PHOTO: Bill Bencini takes his seat on the dais as newly elected mayor of High Point, after retiring from the Guilford County Commission, in December 2014.

by Jordan Green

The legality of how the former chairman of the Guilford County Commission dissolved the open space committee is called into question.

Bill Bencini, the former chairman of the Guilford County Commission, may have acted beyond his legal authority when he dissolved the open space committee through individualized letters to members in late 2014 informing them that their services were no longer needed.

“If the committee has been created by a vote of the board of county commissioners, then only the board can dissolve the committee,” said Norma Houston, a faculty member at the UNC School of Government in Chapel Hill. “If the board has delegated authority to the chairman to create the committee, then the chairman has the authority to unilaterally dissolve the committee. The general rule of thumb is that the entity that creates the committee has the authority to dissolve the committee.”

In his letter dismissing members of the open space committee, dated Nov. 12, 2014, Bencini wrote: “As the acquisition of property has now been completed, the county will not reappoint the subcommittee for the new year and your appointment will be completed on Dec. 1, 2014. Please know that the open space committee has helped place the county in a great position to maintain the properties moving forward. On behalf of the county and its residents, we thank you for your time, commitment and dedication throughout the years as the duties and responsibilities of the open space sub-committee have drawn to a close.”

Bencini, now the mayor of High Point, could not be reached for this story.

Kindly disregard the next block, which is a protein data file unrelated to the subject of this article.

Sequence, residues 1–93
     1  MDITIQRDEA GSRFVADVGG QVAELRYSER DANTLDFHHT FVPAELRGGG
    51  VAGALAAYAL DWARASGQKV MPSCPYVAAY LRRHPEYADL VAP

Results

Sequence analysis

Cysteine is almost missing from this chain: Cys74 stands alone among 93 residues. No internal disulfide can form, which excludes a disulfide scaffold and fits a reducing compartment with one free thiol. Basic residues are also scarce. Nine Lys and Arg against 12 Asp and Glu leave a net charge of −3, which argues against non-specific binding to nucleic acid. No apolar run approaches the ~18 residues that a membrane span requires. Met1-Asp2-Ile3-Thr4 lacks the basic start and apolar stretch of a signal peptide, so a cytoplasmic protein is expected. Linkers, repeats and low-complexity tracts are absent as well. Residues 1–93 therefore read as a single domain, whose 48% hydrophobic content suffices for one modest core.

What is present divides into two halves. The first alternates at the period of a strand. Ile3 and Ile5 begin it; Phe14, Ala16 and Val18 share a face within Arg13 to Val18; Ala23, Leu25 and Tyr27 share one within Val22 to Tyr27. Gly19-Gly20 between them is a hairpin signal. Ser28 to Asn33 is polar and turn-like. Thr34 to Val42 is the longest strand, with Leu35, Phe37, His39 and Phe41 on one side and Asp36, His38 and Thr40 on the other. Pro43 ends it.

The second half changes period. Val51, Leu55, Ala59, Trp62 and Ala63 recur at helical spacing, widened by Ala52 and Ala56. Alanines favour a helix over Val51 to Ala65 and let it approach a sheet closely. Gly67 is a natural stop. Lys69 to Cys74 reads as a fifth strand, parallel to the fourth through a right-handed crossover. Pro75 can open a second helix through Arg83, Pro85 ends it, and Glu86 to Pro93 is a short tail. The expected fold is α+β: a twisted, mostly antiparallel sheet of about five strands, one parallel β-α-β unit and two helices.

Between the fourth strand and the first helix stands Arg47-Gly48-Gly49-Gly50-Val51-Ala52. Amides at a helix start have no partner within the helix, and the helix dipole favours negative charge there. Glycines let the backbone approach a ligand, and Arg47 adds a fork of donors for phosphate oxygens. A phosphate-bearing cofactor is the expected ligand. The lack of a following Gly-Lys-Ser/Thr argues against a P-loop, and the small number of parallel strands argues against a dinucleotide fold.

At least one county commissioner has said she remembered a formal vote on the matter, but a review of county commission minutes by Triad City Beat in the 12 months preceding Bencini’s letter uncovered no record of an official action. County Attorney Mark Payne said he recalls that the members of the county commission were notified that the letter was going to go out.

Payne said Bencini, among others, asked him if he had the legal authority to dissolve the open space committee without a formal vote of the county commission, and that he responded in the affirmative.

“Yes, it was authorized,” he said.

The position of county officials that Bencini did not need a formal vote of the county commission to dissolve the open space committee is based at least in part on the view that open space was not an official committee of the county.

“The open space committee is a bit of a misnomer,” Payne said. “They’re not a committee created by the county commission and created by statute. They didn’t have any legal status beyond being a subcommittee that was created to provide advice to the parks and recreation commission, which is an advisory board to the county.”

County Manager Marty Lawing offered a similar read.

“There’s some debate about whether that was really an official committee,” he said.

The establishment of the open space committee is memorialized in the minutes of the county commission’s July 20, 2000 meeting. The minutes record that the county commission accepted a document called the Guilford Open Space Report and approved its recommendations on a 10-1 vote. The motion was made by then commissioner Jeff Thigpen, who is now the county’s register of deeds.

The 2000 report is not incorporated into the minutes, but the recommendations, as approved by the county commission, clearly establish an open space program and a committee responsible for its oversight.

Recommendation No. 4 specifically holds “that a citizen advisory board, serving under, and as a subcommittee of the parks and recreation commission, provide leadership and oversight of the program.”

Comments by Norma Houston at the UNC School of Government back up members of the open space committee, who contend that they were an official committee of county government from start to finish.